SIM swapping: A hot fraud, but you can stop it cold

SIM-swapping frauds are on the rise. SIM swapping is a type of account takeover scam where hackers take control of your phone number to access all kinds of personal information. They can even use it as an attack vector for two-factor authentication and one-time passwords (OTP). It requires only minor tech skills for an attacker to target your cellphone number, which is why it has become popular with younger, less sophisticated hackers. It does take some leg work, however. In simple terms, a hacker will not have to type any complex technical commands to rip it off. So today, we’re going to talk about SIM-swapping scams — what they are, how they work, and how you can defend yourself from becoming one of its victims.

sim swapping fraud
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The more, the merrier

A hacker needs some of the would-be victim’s personal data to perform a SIM-swapping fraud. Then, the attacker uses this personal information to breach the victim’s account. If the attacker gets lucky enough with personal data, they don’t need to have physical control of the device.

How did they get the personal information? They could have obtained it from data exposed in data breaches or the social networks where you publicly share your information. They may also get it the old-fashioned way — spying on you as you use your phone.

The chances of a successful SIM-swapping fraud increase with the amount of information about the victim. The hacker always keeps an eye on the victim’s social media accounts to gain some helpful information. Think twice before posting something on any social media account.

But what if someone is unable to get your data, email address, or credentials? It’s unlikely that they will be able to SIM swap you. That also highlights the importance of using common sense as a defense against these types of attacks. We’ll provide some tips on averting SIM-swapping fraud further down.

How attackers perform a SIM-swapping fraud

There are two most common steps to perform a SIM-swapping scam.

The hacker will have to know many details about the victim before they can do any damage. A person’s private information falls into one of these categories: Passwords and usernames, date of birth, last four digits in credit card numbers.

The hacker may practice a social engineering approach to trick the victim into giving away their information, or they can steal it from a data breach that has already taken place. Once an attacker attains access, your accounts are at risk of being hacked and accessed without notice.

Conning the carrier

sim swapping fraud

As soon as the hacker has the victim’s credentials and additional information, it’s on to the next step. Now, the hacker has to fool the victim’s phone service provider’s customer representative to accomplish the SIM-swapping fraud.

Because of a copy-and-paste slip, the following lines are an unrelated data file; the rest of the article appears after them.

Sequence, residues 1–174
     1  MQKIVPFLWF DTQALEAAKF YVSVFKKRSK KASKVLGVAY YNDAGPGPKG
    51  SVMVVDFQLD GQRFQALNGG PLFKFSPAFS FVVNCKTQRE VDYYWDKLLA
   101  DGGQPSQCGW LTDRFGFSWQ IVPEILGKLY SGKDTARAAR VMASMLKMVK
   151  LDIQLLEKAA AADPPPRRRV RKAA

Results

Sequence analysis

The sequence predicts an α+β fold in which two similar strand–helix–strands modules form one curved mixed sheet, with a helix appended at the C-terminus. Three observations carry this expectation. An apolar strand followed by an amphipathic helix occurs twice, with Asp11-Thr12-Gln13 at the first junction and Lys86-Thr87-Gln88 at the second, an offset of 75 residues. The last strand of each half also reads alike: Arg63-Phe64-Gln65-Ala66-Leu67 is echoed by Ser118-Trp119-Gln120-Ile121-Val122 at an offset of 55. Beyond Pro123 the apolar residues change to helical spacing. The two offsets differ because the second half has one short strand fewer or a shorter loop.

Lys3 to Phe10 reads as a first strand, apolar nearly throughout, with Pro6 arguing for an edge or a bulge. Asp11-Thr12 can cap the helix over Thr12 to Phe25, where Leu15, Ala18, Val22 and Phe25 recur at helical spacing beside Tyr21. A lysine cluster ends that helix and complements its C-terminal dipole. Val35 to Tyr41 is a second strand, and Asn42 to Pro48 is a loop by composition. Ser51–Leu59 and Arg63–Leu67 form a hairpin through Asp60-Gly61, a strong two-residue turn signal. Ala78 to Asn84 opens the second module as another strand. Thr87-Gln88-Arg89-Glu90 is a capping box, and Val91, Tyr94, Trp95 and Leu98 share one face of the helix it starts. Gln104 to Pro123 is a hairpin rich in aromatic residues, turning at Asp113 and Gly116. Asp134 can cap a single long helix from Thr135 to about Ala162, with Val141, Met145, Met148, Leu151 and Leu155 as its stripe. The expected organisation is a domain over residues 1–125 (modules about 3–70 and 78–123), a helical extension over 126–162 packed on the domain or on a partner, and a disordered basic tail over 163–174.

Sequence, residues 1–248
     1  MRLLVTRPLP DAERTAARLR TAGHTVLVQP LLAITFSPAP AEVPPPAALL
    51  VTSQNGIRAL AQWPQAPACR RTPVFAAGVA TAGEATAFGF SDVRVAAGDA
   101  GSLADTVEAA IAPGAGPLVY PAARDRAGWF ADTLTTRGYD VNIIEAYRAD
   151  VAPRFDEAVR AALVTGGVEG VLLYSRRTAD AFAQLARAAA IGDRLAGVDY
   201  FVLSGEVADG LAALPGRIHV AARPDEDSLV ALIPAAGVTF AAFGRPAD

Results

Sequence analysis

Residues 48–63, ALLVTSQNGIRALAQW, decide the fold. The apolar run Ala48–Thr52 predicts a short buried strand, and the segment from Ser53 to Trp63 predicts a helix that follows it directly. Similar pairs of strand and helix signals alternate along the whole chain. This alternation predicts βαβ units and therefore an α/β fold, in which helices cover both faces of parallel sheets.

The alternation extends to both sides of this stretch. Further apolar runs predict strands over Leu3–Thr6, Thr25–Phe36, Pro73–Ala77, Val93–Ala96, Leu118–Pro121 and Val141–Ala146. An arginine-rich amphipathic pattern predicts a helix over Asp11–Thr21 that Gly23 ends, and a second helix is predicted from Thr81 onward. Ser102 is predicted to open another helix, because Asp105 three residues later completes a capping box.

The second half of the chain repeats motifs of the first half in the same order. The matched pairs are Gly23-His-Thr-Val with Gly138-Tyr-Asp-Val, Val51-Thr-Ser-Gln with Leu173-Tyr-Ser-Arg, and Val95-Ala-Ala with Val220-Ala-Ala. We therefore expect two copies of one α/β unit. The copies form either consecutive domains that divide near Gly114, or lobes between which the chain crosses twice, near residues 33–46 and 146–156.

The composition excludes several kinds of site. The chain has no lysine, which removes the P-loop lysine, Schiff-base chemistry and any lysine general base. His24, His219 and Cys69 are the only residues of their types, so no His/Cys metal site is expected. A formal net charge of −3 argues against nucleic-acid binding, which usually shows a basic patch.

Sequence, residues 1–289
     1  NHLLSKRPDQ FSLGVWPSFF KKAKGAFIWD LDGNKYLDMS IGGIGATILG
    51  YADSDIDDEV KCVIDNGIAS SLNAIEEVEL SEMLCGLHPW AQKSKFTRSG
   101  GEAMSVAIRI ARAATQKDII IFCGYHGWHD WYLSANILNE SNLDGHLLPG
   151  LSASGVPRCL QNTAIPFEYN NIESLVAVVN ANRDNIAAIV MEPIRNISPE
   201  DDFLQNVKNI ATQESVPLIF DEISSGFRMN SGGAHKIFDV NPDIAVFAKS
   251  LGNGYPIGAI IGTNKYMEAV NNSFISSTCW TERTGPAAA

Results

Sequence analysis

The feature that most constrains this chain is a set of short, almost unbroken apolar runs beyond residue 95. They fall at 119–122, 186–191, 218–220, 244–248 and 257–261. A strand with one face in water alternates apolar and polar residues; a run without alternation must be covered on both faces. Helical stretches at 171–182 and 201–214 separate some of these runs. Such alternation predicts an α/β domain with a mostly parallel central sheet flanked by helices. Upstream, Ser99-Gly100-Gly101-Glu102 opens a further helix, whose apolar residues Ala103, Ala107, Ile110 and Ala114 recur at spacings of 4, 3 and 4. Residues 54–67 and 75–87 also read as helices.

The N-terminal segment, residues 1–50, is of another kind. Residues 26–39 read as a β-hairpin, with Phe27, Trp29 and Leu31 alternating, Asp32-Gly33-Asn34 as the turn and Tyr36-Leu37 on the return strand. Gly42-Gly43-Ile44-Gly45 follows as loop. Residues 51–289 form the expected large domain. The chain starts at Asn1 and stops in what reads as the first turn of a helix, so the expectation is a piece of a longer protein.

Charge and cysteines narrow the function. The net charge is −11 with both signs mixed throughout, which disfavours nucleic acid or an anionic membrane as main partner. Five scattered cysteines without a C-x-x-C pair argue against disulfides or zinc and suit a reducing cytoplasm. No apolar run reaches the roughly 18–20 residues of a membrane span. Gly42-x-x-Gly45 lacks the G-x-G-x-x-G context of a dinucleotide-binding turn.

The infiltration of the wireless provider to change phone numbers is a time-consuming process that takes some convincing and sincerity. The hacker will typically impersonate their victim by saying they lost their phone or switched carriers and need to port over an existing number from one SIM card onto another. They can do this with both cell service providers and cable Internet connections at home. This is all accomplished through social engineering mojo.

The wireless carrier representative tries to ensure that the calling person is the account holder. The rep will ask some security questions of the attacker. If the attacker has knowledge of your personal details, it is easy for them to come prepared with the right answers. The question might be about a credit card’s last four digits, mother’s maiden name, or other personal information. If the hacker has done the job well, it will succeed. The customer service representative will shift the victim’s number to the hacker’s SIM card.

The nightmare begins

Moving forward, now the attacker can intercept all of your text messages and phone calls. It means that they can interfere with any password resets sent to you via call or text. They can also receive two-step verification tokens for accounts where it is enabled. SIM-swapping fraud can be severe indeed.

If the attacker successfully obtains the victim’s banking credentials, they can change all the personal information on the victim’s banking site. For example, they can change their password or registered email. The attacker can even open up another account in the victim’s name in the same bank. Also, they can transfer the money among the accounts.

A sim-swapping attack can open the gateway to several different identity thefts. They range from basic credit card fraud, where your information is used for online purchases or other illegal activities, all the way up to high-level things like hacking into government databases that are protected by strict security measures.

Examples of SIM-swapping frauds


In 2018, a group of cybercriminals stole the identities of numerous Instagram users. These unsuspecting victims logged into their accounts to find themselves unexpectedly locked out. When these unlucky individuals attempted to log back in, they discovered that they were no longer owners of their profiles. Hackers set up a new email address and phone number.


Jack Dorsey, the CEO of Twitter and Square, was hacked by a SIM-swapping attack. Hackers were able to invade his account in August 2019. They posted racist messages and bomb threats from his compromised account. Obviously, this was a major embarrassment for both Dorsey and Twitter.

Warning signs you have been SIM swapped

SIM swapping fraud

Symptoms occur quickly when a SIM-swapping attack hits you. So you need to take immediate action. Here are a few warning signs you have been SIM swapped: